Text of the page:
Half of cast for CBS's 'Survivor', 'Big Brother' and 'Love Island' to be people of color as fans hail move

Half of cast for CBS's 'Survivor', 'Big Brother' and 'Love Island' to be people of color as fans hail move
'Big Brother' host Julie Chen (Getty Images)

On Monday, November 9, 2020, CBS Studios announced it will diversify its unscripted shows by making them feature at least 50 percent Black, indigenous and people of color (BIPOC) "moving forward". This means popular shows like 'Survivor', 'Big Brother' and 'Love Island' will have more diverse cast starting in 2021. The move comes after fans of the shows urged CBS to expand its diversity efforts. In fact, several former 'Survivor' contestants spoke out about the lack of diversity in cast line-ups. Entertainment Weekly tweeted the news saying, "CBS says future casts of shows like Survivor, Big Brother, and Love Island will contain at least 50 percent people of color moving forward."



In June 2020, fans launched a petition, urging the network to include greater diversity and inclusivity in their content. This was followed by 'Survivor' contestants speaking out about the lack of diversity in the show's cast. Talking about the decision, George Cheeks, president and CEO of CBS, in a statement said, "The reality TV genre is an area that’s especially underrepresented and needs to be more inclusive across development, casting, production, and all phases of storytelling. As we strive to improve all of these creative aspects, the commitments announced today are important first steps in sourcing new voices to create content and further expanding the diversity in our unscripted programming, as well as on our Network."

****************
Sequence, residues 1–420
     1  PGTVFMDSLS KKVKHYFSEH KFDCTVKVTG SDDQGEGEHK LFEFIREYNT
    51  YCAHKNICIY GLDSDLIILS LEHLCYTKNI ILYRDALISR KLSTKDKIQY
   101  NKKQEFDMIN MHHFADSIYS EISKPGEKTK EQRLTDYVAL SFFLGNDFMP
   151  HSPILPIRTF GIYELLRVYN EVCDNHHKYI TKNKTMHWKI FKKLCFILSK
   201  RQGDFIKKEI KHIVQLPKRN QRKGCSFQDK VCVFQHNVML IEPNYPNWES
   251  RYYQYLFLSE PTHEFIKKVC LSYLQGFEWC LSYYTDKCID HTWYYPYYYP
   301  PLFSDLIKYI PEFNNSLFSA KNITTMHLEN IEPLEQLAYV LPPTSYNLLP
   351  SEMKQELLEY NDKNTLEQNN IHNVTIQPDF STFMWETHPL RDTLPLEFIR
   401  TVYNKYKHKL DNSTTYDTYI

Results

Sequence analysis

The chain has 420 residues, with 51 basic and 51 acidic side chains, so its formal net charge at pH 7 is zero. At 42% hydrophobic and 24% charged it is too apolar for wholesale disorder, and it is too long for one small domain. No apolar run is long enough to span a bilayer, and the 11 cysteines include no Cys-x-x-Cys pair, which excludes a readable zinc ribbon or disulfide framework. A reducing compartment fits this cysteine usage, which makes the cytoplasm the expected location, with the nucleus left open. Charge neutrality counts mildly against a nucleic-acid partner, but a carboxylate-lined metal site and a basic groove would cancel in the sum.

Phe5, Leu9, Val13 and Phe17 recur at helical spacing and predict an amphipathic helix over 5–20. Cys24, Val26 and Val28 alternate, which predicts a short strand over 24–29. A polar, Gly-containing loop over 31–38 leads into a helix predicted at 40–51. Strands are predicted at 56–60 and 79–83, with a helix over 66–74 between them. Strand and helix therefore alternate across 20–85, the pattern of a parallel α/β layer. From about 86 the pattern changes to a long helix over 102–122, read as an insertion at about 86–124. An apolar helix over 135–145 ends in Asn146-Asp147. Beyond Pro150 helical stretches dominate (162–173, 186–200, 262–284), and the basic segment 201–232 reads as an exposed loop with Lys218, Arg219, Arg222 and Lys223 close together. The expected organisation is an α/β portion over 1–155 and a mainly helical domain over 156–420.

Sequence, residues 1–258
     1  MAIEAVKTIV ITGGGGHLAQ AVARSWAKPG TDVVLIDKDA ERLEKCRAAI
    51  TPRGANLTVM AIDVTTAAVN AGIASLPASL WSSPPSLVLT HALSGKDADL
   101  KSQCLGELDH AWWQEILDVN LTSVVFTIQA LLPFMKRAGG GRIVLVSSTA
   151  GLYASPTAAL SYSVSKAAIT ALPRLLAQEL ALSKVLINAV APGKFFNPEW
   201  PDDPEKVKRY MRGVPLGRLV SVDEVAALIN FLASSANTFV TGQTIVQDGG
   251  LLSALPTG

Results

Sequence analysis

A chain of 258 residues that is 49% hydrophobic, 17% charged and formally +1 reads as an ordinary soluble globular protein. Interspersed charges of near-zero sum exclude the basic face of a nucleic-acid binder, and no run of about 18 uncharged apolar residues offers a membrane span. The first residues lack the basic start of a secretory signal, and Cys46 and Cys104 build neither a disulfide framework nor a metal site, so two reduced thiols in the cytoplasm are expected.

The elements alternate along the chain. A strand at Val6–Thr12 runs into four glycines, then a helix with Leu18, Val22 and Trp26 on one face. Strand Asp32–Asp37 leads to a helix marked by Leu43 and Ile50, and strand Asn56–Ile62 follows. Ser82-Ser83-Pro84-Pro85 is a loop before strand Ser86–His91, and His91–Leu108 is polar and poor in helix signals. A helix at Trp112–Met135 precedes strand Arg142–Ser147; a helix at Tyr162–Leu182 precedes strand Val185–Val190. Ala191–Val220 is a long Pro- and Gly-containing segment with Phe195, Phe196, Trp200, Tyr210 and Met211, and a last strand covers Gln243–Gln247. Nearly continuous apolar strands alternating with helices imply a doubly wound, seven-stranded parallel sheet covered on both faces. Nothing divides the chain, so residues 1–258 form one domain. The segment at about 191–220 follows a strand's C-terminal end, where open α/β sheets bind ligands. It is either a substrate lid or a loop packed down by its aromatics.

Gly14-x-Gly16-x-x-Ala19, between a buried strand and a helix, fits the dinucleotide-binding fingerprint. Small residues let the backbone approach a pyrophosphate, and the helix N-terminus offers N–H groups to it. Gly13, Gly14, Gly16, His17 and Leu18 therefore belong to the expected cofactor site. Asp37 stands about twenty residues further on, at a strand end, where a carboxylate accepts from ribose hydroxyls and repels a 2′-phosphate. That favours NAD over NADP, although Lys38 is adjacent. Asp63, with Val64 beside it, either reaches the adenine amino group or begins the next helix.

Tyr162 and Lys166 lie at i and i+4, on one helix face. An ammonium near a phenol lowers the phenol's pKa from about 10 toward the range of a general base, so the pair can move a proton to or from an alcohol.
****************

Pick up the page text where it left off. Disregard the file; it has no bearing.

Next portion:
According to the pact, CBS will allocate a minimum of 25 percent of its annual unscripted development budget to projects created or co-created by BIPOC talent. The network, which is owned by ViacomCBS through its CBS Entertainment Group division, made similar promises for its scripted division saying it will devote at least a quarter of its future script development budget to stories by BIPOC writers. It has set a target of having at least 40 percent of BIPOC writers in every writers' room.

Reactions to move

Reacting positively to the news, one user tweeted, "Diversity and inclusivity are the future. This decision should have been made a long time ago, but I am so happy to see it being put into action!" Another wrote: "This is exceptional news. Very excited as a 'Survivor' viewer and even more excited as someone who hopes to play the game someday." A third tweeted, "Does this mean we can get blacks versus whites on 'Survivor'? Split them right down the middle, might as well, right?" "And they’ll be the first vote-outs in 'Big Brother' like always!," read another tweet.








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